There was no immediate evidence of health hazards caused by the potentially contaminated vaccine, the BBC reported, citing local reports.
Takeda Pharmaceutical and Moderna did not immediately return requests for comment by Insider on Wednesday.
The incident comes after Japan suspended the use of about 1.63 million doses last week after reports of “foreign substances” were found in vials. Japan’s health minister said on Tuesday that a batch in Okinawa was contaminated after needles were incorrectly inserted into the vials, according to the BBC.
The possible contamination could have been caused by a manufacturing issue at Moderna’s manufacturing site in Madrid operated by Rovi, the company previously said.
Meanwhile, Japan’s health ministry said Wednesday that the potentially contaminated vaccine vial in Kanagawa was from a different batch than the others. The health ministry added that rubber stopper material seems to have made its way into it amid the manufacturing process, Reuters reported.
It’s one of the US’s biggest hurdles to getting the population vaccinated: Children under 12 – nearly 15% of the country, or around 48 million Americans – aren’t yet eligible to receive coronavirus shots.
Both Pfizer and Moderna entered young kids into their clinical trials in March, but the results of those studies haven’t been published.
Pfizer expects to have data about its vaccine’s efficacy among kids ages 5 to 11 by the end of September. It usually takes the Food and Drug Administration a few weeks to review such data, so that would put the US on track to start administering shots to young kids in October at the earliest, assuming the trial results are good.
Data for the other age group Pfizer is studying, children ages 6 months to 5 years, could be available shortly thereafter, Pfizer said in July. The company previously estimated that results for its youngest age group could be available by October or November.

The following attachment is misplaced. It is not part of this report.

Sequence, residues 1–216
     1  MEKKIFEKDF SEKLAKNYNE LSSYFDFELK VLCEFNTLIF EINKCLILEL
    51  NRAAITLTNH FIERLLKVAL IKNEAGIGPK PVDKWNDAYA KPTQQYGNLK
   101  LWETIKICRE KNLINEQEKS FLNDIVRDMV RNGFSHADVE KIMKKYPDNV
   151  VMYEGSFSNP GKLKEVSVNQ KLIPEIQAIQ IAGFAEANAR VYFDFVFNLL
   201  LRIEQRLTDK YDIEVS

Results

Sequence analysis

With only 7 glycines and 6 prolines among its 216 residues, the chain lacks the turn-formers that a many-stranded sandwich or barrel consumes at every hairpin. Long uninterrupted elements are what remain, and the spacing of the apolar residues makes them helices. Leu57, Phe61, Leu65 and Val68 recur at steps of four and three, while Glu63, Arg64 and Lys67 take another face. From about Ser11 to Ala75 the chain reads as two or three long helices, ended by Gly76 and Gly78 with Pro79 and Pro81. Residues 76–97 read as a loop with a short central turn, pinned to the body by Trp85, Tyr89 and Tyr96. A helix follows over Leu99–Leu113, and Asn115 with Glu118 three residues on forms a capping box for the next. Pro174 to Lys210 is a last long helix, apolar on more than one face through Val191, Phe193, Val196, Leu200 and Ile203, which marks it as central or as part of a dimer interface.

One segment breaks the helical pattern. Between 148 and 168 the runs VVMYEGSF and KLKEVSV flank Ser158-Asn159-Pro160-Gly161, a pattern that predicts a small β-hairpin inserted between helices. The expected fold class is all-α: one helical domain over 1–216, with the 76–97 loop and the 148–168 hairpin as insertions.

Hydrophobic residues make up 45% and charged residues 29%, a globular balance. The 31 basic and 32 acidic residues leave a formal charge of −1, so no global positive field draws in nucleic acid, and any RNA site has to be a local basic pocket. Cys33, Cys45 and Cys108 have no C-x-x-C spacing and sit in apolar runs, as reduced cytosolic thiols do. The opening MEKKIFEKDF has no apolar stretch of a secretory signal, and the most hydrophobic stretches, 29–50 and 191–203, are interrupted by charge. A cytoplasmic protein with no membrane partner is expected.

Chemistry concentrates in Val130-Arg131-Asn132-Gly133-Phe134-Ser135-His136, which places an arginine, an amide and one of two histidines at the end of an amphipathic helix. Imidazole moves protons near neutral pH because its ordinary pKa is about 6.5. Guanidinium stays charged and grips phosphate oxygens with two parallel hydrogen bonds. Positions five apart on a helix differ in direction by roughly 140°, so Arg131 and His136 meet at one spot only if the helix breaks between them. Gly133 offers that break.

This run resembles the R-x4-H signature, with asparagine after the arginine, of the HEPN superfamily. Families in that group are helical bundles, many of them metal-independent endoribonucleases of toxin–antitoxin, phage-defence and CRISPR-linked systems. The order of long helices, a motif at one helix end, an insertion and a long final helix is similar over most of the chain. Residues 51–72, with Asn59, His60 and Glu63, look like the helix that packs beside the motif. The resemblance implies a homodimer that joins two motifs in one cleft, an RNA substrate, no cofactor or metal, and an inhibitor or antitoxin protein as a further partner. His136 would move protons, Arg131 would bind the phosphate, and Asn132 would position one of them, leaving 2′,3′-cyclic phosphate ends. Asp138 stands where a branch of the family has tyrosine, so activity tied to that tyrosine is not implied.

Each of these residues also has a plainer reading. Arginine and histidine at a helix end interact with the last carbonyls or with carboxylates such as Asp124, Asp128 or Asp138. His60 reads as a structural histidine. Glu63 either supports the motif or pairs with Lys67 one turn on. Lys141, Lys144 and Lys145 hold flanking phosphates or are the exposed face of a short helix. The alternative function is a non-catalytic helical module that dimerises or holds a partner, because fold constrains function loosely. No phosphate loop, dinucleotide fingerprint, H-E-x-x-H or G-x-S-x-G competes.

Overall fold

Moderna, meanwhile, expects to have data about its vaccine’s efficacy among young kids in late fall or early winter.
Federal health authorities and Wall Street analysts have offered slightly different timelines
Former FDA Commissioner Scott Gottlieb, who sits on Pfizer’s board, told CNBC on Monday that the FDA could greenlight Pfizer’s shot for kids under 12 in late fall or early winter.
But he added that Pfizer’s emergency-use application “probably isn’t going to be submitted until some point in October.” From there, he estimated, the FDA might take four to six weeks to review the data.
White House Chief Medical Advisor Anthony Fauci told NBC’s “TODAY” last week that “there’s a reasonable chance” that younger kids could be vaccinated by the winter holidays.
But Wall Street analysts have a slightly more optimistic timeline.
In a Tuesday report, Morgan Stanley analysts said they expected Pfizer to submit an emergency authorization for kids ages 5 to 11 in September, putting the US on track to vaccinate this age group in the fall. The analysts estimated that Pfizer would produce data for kids ages 6 months and up in November, meaning the youngest kids could get vaccinated in late 2021 or early 2022.
Moderna, they said, could produce data for kids ages 6 to 12 in the fall, around one to two months after Pfizer. Data for kids 6 months and up would then be available in late 2021 or early 2022, they added, meaning Pfizer could file for emergency authorization for its youngest age group next year.
The FDA hasn’t yet authorized Moderna’s and J&J’s shots for older kids
The FDA asked both Pfizer and Moderna to expand their under-12 trials in July, citing concerns that the studies weren’t large enough to detect rare side effects such as heart inflammation.
Until then, Pfizer had been studying its vaccine in up to 4,500 young children, divided among two age groups: 5 years to 11 years and 6 months to 5 years. Moderna’s trial, meanwhile, included three age groups – 6 years to 11 years, 2 years to 5 years, and 6 months to less than 2 years – each with 2,265 participants. The FDA asked both companies to include at least 3,000 children in the 5-to-11 age group, The New York Times reported.